National Geographic : 1985 Jan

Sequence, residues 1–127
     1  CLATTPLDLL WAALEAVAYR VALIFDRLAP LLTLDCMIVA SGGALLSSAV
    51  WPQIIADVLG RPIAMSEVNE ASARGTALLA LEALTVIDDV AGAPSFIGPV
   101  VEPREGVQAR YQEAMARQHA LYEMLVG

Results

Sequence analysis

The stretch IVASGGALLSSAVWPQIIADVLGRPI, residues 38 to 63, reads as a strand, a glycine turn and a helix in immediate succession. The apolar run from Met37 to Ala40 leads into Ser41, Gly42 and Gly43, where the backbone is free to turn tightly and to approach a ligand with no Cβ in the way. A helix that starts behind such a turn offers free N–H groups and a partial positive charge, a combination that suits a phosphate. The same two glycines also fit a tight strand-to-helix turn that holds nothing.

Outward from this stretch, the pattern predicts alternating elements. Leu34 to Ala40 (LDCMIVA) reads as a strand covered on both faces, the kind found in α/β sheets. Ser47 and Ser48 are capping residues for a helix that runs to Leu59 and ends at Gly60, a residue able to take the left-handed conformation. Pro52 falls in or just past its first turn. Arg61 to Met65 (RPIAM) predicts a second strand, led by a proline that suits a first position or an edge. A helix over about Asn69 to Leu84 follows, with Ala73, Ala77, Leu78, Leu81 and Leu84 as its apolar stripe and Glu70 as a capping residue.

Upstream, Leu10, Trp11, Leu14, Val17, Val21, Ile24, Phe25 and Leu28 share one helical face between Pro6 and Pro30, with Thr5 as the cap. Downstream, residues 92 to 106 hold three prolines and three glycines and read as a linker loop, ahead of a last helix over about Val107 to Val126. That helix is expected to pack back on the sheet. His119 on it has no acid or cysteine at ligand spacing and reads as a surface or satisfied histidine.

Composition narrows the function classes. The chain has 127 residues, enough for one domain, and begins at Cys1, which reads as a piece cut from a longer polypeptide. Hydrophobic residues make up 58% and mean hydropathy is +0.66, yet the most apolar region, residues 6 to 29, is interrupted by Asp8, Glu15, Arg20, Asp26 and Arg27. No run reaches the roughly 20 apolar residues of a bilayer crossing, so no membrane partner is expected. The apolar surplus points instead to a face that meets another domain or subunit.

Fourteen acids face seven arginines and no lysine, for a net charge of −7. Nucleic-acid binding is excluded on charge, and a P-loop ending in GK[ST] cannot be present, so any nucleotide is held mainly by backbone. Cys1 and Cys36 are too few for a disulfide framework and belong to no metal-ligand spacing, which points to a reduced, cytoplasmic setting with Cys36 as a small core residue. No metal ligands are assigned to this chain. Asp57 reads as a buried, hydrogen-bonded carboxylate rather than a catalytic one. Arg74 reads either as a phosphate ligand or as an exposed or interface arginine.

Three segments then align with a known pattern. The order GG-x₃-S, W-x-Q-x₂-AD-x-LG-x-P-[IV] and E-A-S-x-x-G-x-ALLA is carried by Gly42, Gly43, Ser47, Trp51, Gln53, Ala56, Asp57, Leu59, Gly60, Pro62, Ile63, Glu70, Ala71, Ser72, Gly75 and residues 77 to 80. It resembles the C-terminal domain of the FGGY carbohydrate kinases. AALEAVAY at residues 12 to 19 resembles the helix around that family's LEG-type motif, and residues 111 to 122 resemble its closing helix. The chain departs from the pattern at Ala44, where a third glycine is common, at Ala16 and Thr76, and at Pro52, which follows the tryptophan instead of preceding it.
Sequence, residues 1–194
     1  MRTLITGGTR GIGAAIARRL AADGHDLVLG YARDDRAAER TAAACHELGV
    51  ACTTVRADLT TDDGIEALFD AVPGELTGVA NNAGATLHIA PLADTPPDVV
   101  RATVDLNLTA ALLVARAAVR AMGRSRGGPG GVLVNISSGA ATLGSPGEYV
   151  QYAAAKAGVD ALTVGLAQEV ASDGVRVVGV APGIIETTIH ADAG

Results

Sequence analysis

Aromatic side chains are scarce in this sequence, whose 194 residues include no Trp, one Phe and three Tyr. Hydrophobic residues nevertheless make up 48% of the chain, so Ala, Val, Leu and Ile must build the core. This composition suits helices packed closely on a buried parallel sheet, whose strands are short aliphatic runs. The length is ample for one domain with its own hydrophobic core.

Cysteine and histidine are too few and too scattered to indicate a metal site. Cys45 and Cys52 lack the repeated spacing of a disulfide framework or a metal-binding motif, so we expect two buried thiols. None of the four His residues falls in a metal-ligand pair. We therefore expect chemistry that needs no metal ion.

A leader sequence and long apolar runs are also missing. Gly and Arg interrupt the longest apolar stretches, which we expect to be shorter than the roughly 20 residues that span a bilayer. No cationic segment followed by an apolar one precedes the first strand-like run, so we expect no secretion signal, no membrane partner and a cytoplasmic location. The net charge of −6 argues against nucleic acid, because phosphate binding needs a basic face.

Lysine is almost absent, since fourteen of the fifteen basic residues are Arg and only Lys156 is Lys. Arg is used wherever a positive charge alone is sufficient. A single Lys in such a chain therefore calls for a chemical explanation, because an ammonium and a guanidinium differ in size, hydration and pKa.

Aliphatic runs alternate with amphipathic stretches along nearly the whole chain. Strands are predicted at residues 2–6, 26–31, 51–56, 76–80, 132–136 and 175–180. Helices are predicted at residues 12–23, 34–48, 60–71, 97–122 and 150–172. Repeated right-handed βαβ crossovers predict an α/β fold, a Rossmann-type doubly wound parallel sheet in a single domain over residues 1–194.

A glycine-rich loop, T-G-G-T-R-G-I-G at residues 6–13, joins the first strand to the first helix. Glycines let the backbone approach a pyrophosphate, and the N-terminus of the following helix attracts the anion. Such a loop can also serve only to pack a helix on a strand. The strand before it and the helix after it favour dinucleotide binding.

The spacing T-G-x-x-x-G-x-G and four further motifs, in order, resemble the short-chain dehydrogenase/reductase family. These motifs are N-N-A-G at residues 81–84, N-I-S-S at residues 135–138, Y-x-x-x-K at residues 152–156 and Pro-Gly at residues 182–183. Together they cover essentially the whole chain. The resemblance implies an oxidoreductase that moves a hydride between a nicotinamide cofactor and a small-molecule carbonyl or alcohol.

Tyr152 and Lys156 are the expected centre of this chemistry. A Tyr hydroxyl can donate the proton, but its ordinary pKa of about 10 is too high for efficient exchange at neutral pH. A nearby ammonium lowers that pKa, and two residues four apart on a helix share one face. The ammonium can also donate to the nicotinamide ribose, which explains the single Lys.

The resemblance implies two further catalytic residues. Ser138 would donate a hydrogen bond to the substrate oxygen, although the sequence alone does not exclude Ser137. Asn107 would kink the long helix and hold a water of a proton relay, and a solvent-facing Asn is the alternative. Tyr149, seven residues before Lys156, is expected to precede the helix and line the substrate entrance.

5so HOTEL ROOMS The number of hotel rooms in 0 resort areas is indicated by bar f Atlantic graphs.Montego Bay, with more M FLORID Ocean than 3,000 rooms, is by far the Miami most developed. BAHAMAS ,l BAUXITE PLANT Havan Although bauxite isstill the CUB ort Mara island's chief export, production fe has decreased nearly 40 percent ICO since 1980. 2oN nnotto BaCaribbean A ICA" HAITI se"ImAICA sPort Antonio sq mi). POPULATION: Kingston, pop. 578,000. ] Yallaa Morant RELIGION: Protestant, Roman Catholic, Bay Point Rastafarian. LANGUAGE: English, Creole. LITERACY: 86%. LIFE EXPECTANCY: 71 years. ECONOMY: Industries: bauxite/ alumina, tourism, manufactured goods. TExport crops: sugar, bananas, coffee, Deciduous forests cover nearly The island's 40,000 acres of marijuana (unofficial). PER CAPITA half the island. Grasslandsare wetlands have potential as rice INCOME: $1,300. used mostly as pasturefor beef and fish farms. Vast reservoirsof and dairy cattle, including new submerged peat also await tropicalizedbreeds. exploitation. .. OME BACK TO JAMAICA," the E5 slogan urges tourists, whose visits Sto the island of lush mountains, rushingrivers, and golden beaches declined after the politicalviolence of the 1976 and 1980 election campaigns. Now they are coming back, 780,000 in 1983, an estimated 850,000 in 1984, leaving behind more than 400 million dollarsat such resortareas as Ocho Rios (left), Montego Bay, and Negril. In the process, income from tourism has become the country's second leading source of foreigncurrency. But in a country beleaguered by massiveforeign debt and dwindling demandfor bauxite, its chief export, the government seeks to diversify its products. In additionto bolsteringsuch traditionalexports as bananas, coffee, and cocoa, an ambitious program calledAgro 21 is stimulating the productionof new commodities: winter vegetables, flowers, honey, shrimp, and freshwaterfish.